Annapolis Mayor Joshua J. Cohen has asked the City Council to consider spending up to $400,000 on renovations to the long-troubled Market House, a request that has drawn sharp criticism from several members of the council.
David Jarrell, director of the city's Department of Public Works, presented three renovation options Monday for the 19th-century market, once dubbed "the cafeteria of Annapolis." In recent years, Market House has been opened to the public only intermittently, mired in legal and political disputes.
City officials hope the proposed renovations could be completed sometime this summer. Measures under consideration include added seating, which would cost $40,000, and upgrades to the women's restroom, which would cost $80,000. Cohen favors a plan that would change the layout to accommodate water views and cost $200,000.
"We just cannot continue to spend this kind of money on the Market House," said Alderman Ross H. Arnett III, an Eastport Democrat. "Just throwing more money at it is never going to make it work."
Previous renovations to the historic waterfront and a series of legal battles have cost the city millions, and the future of the market has been the subject of fierce debate. Market House was closed last month for the installation of a long-needed heating and cooling system.
A council committee will vote Tuesday on a plan to borrow money for the upgrades, and a full council vote is expected Feb. 27.
Cohen said taxpayers would not bear the brunt of the cost, but instead the market's tenants would pay the debt service through rental payments.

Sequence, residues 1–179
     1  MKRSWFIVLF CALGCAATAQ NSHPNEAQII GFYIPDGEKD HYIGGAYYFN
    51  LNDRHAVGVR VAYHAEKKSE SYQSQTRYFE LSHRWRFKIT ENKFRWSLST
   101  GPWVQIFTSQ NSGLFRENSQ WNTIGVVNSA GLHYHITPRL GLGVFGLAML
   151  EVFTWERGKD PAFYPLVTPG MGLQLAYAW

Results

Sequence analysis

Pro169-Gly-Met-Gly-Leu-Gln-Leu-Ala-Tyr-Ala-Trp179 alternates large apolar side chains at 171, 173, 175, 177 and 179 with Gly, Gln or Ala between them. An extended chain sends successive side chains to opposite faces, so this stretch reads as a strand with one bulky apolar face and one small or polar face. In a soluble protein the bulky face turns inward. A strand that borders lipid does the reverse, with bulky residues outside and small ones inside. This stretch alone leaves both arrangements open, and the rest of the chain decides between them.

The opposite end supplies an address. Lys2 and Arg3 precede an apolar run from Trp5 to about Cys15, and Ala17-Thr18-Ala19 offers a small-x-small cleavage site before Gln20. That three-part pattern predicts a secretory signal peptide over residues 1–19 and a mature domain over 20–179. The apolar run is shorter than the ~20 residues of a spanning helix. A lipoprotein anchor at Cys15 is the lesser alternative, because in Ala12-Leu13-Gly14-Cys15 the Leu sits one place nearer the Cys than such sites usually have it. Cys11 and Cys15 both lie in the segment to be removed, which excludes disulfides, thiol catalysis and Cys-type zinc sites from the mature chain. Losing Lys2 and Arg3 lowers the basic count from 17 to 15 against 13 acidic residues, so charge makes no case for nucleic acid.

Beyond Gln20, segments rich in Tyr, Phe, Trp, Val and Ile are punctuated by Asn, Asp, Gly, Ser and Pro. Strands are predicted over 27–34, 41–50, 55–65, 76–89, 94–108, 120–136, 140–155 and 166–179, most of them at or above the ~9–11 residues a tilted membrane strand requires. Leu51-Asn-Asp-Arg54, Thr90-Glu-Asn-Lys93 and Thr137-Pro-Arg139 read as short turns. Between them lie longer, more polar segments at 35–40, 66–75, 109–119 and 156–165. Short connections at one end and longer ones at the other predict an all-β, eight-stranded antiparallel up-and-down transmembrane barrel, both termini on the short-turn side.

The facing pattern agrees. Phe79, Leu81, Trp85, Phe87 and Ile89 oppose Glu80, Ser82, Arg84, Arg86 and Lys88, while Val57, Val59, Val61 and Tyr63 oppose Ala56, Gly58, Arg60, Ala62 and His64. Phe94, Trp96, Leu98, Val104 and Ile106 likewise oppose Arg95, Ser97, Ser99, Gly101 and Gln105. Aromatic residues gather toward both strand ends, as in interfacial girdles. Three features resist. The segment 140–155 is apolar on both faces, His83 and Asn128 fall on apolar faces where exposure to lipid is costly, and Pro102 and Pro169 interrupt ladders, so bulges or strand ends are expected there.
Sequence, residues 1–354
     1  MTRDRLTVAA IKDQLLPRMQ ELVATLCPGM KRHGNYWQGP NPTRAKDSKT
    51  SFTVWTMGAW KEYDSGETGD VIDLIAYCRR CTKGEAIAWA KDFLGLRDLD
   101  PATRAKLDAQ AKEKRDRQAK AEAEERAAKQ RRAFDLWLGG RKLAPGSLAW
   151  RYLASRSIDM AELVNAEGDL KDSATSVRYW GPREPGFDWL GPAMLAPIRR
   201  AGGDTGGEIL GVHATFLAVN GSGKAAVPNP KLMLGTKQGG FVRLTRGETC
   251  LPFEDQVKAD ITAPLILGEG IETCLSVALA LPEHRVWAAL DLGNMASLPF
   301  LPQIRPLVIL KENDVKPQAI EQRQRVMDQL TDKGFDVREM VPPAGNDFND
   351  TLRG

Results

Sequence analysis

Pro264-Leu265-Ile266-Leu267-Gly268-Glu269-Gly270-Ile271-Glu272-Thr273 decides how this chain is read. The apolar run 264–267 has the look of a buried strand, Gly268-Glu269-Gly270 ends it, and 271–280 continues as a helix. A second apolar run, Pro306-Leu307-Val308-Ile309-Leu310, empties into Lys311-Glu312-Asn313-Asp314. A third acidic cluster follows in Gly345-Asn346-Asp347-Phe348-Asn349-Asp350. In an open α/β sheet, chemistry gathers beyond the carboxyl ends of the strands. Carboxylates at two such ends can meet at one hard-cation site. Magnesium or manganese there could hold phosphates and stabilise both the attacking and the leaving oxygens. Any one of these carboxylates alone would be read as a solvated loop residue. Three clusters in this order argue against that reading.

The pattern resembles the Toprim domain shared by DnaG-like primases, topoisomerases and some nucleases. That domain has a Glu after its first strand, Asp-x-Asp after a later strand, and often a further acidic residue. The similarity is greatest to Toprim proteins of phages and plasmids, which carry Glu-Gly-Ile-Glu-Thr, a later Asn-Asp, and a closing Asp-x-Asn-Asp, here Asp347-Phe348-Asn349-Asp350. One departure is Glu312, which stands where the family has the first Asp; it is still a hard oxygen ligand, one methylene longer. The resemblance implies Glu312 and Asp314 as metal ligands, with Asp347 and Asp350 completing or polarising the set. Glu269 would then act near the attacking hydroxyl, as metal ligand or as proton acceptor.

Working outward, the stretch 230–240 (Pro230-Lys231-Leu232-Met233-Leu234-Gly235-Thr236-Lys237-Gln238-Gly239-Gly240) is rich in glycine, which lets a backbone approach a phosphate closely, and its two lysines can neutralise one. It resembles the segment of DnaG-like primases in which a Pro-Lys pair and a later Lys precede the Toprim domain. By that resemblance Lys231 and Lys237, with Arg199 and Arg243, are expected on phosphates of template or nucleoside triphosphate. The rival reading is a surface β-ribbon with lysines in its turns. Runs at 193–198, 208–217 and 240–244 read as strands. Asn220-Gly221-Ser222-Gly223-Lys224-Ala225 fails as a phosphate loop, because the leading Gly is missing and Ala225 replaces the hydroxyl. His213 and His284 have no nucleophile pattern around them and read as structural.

"I'm optimistic that we're finally going to get this fixed," said Cohen, a Democrat.
Arnett said no more public money should be spent on the Market House — and the city should consider selling it.
"The mayor wants to make Market House the way it was when he was a little boy and he's willing to throw millions of dollars at it to make it happen," said Arnett. "It's not feasible."
The mayor disputed Arnett's comments.
"The Market House is never going to be the way it used to be back before" said Cohen. "But I believe we can and should take some of the strength from that iteration of it, rather than let ourselves be trapped by the current floor plan, which is poorly done."
Cohen said selling the market is not in the cards. "The Market House is a core service of the city, and I know we can do it right."
Alderwoman Sheila M. Finlayson, a Democrat, said she was concerned about continuing costs.
"If we don't want to deal with it, let's sell it," said Finlayson. "Do we let it continue to drain [the city's finances]? … I'd like to know how much it's costing us to sit there empty day after day, month after month."
Richard Sharoff, a consultant whom the city hired last year to manage the market, said if the city makes the necessary changes, it could net some $3 million in annual revenues.
"We're talking about creating an ambience — not just supplying seats," said Sharoff. "We're trying to create an inviting retail environment, which will make the whole facility more attractive."